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PP18 Implementation of electronic patient clinical records in ambulances in the UK: a national survey
  1. Victoria Williams1,
  2. Yvette LaFlamme-Williams2,
  3. Katie McNee3,
  4. Heather Morgan4,
  5. Zoe Morrison5,
  6. Henry WW Potts6,
  7. Debbie Shaw7,
  8. Niro Siriwardena8,
  9. Helen Snook1,
  10. Rob Spaight7,
  11. Alison Porter1
  1. 1Swansea University, UK
  2. 2Welsh Ambulance Service Trust, UK
  3. 3South West Ambulance Service Trust, UK
  4. 4University of Aberdeen, UK
  5. 5University of Greenwich, UK
  6. 6University College London, UK
  7. 7East Midlands Ambulance Service Trust, UK
  8. 8University of Lincoln, UK

Abstract

Background The roll-out of electronic Patient Clinical Records (ePCR) across UK ambulance services has been an important aspect of modernisation. Electronic Records in Ambulances (ERA) is a two-year study which aims to describe the opportunities and challenges of implementing ePCR and associated technology in emergency ambulances.

Our study includes a baseline survey of progress implementing ePCR in all UK ambulance services providing a snapshot of current usage.

Methods We carried out semi-structured telephone interviews with information managers in each ambulance service in the UK. We asked them about the systems in use, the process and current stage of implementation and explored the perceived value of using ePCR. If services did not use ePCR we asked about plans for future introduction.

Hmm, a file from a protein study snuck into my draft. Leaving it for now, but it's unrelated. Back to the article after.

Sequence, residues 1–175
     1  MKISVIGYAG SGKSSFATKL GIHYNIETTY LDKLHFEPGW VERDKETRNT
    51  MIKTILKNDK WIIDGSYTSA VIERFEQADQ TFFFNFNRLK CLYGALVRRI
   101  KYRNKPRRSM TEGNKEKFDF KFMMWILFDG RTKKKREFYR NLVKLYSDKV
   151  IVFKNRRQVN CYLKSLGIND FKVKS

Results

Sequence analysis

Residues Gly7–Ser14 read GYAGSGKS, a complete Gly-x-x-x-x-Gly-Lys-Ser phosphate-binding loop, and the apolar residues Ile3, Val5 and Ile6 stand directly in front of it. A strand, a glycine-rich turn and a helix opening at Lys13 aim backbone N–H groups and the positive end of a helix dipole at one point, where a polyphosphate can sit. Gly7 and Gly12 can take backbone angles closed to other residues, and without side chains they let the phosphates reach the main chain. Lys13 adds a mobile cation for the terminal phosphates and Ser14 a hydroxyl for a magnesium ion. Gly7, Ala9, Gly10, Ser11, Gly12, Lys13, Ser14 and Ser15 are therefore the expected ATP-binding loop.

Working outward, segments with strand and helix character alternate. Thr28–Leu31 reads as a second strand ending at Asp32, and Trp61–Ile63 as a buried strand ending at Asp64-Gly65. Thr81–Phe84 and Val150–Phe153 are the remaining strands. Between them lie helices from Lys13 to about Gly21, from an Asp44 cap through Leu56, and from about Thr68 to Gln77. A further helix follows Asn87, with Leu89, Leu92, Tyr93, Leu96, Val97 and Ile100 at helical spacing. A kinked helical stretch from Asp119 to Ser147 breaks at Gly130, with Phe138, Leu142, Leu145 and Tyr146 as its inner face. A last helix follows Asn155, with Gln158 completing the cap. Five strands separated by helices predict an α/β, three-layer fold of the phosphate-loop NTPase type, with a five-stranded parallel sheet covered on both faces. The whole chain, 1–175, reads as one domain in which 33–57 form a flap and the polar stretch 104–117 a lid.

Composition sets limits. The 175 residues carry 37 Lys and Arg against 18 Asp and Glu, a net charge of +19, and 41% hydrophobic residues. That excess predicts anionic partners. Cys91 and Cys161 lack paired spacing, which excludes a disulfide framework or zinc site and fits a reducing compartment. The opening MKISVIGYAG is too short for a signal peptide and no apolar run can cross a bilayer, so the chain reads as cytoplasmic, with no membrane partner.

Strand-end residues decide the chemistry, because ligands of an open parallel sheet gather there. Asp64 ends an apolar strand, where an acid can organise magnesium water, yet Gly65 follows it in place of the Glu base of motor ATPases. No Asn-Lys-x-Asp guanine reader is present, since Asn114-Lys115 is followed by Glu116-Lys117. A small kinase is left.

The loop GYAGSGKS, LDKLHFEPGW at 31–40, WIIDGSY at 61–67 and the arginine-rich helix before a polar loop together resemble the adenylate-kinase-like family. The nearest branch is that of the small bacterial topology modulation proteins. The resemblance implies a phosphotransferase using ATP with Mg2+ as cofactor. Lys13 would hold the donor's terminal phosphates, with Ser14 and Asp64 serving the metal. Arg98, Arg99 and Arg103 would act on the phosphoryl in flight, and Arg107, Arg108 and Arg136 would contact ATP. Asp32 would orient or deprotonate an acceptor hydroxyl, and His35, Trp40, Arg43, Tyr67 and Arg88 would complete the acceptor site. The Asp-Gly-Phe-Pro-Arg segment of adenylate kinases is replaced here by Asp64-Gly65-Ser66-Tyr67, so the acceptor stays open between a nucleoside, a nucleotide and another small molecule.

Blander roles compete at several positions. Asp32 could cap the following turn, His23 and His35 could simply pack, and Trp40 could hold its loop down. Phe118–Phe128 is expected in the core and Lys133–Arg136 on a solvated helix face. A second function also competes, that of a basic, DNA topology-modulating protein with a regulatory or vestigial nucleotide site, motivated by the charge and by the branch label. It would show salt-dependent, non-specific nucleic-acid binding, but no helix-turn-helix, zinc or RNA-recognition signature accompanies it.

The interviews were transcribed and thematically analysed, by three members of the research team.

Results We completed interviews with 22 managers from 13 services. Implementation varied across the UK. Seven services were using electronic records. Four services had adopted electronic records but, at the time of interview, had reverted to paper with the intention of implementing a new ePCR. Two services still used paper but hoped to move to ePCR in the future. Those who had fully implemented ePCR reported mixed success in terms of staff compliance, and in realising the potential benefits offered by ePCR to link with primary and secondary care.

Reported benefits of ePCR were largely associated with improved data management for audit and record keeping. Potential improvements to patient care were discussed, but tended to be associated with future planned developments.

Implications Implementation of ePCR has proved challenging with wide variation in use between ambulance services. Progress has been erratic, rather than linear, demonstrated by difficulties that services experienced putting ePCR into practice. There is potential for ambulance services in the earlier stages of implementation to learn from the experiences of others.

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